“This is absolutely nothing like doing corporate work,” begins Hasan who is operating on very little sleep and is running on adrenaline more than anything else. “This is community work. The whole idea is to create a community and give access to quality events to people who inhabit overlooked spaces. All these local communities who live in a lot of these areas, most of them are from middle to lower income groups and socially you’re cutting them further off by not providing them with the reprieve of entertainment. They are kept so outside from the milieu that if they don’t come to this side of the bridge, they have no access to entertainment.”

Hasan, who is eventually joined by co-producer of RMS, Waqas Almas in this interview, states that there are a number of objectives behind the series. “One, I want to bring the culture of all the various regions that make up Pakistan to Karachi,” he says. “The event is Karachi-centric to begin with because it’s happening here but why make the entertainment Karachi-centric? I want to feature quality musicians from all over the country. For instance, I have eight instrumentalists; each of them is given a solo tune and the rest of it is them backing each other. We also have a vocalist called Ejaz Lohar, who is phenomenal.

Zaheer Kidvai, Waqas Almas and Abu Mohammad (joined by his qawwali troupe) at the first edition of Rivayat Music Series.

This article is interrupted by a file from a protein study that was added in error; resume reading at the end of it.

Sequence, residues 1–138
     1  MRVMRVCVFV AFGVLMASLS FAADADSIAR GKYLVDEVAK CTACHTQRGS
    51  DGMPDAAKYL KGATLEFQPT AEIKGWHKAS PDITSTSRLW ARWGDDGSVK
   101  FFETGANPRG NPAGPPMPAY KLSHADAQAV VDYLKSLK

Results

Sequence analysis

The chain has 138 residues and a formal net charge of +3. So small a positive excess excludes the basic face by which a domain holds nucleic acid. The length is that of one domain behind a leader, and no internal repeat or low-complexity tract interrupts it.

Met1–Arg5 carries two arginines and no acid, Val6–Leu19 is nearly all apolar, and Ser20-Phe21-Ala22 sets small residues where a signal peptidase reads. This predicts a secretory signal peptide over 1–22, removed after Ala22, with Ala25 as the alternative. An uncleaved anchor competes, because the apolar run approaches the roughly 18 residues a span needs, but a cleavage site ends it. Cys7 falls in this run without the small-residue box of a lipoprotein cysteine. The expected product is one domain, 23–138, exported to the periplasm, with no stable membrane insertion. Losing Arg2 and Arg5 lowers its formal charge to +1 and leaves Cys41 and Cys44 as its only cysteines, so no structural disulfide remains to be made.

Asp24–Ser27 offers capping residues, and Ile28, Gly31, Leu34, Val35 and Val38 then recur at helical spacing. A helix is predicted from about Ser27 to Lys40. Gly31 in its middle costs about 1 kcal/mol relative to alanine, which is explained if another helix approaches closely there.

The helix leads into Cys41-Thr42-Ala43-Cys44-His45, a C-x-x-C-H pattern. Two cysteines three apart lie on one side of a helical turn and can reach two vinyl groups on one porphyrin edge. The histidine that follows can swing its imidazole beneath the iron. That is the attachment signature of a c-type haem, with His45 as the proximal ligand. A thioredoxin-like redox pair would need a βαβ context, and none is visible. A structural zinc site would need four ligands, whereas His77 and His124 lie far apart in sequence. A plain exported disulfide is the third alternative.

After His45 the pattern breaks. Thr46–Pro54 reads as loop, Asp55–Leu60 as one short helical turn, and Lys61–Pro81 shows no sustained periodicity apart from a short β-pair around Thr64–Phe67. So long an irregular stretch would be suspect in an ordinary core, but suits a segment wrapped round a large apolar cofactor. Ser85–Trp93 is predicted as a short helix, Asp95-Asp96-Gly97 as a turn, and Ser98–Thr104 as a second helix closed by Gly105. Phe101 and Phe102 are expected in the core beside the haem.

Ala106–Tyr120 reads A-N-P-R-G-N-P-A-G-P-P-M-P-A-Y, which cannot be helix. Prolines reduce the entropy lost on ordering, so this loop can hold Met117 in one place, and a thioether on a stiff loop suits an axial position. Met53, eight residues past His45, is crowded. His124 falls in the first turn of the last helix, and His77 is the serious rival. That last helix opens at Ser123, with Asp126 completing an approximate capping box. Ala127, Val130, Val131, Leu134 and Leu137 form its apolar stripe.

Zaheer Kidvai, Waqas Almas and Abu Mohammad (joined by his qawwali troupe) at the first edition of Rivayat Music Series.

Two, we want to establish a healthy system where the artist who plays is not only getting paid but they’re able to play for the common public. Whatever collateral we make, it goes back to them and that becomes part of the repertoire of the label and the artist. To that end, we’re also creating Rivayat Music Series label, which will carry properly edited, high quality videos as well as audio and the proceeds will be sent to the artists who are playing. We also want to create an archive where we have a database of all such artists and we can suggest them for other events as well.

Third, we want to cater to people who are actually and genuinely interested in listening to music; I don’t want to encourage only people with means to have access to music.

Fourth, to create a platform for the unknowns. If a poor person wants to go into music, what hope does he have? He can’t get on Coke Studio or Pepsi Battle of the Bands. Nescafe Basement is not going to call him. Where will such people go? They have no place to go. This is a good way of identifying talent within those areas. This particular show is this month but the rest of the remaining three shows, we are picking local musicians from the designated areas and highlighting them and they will open the show for Farid Ayaz next time and the Folk Ensemble and so on.”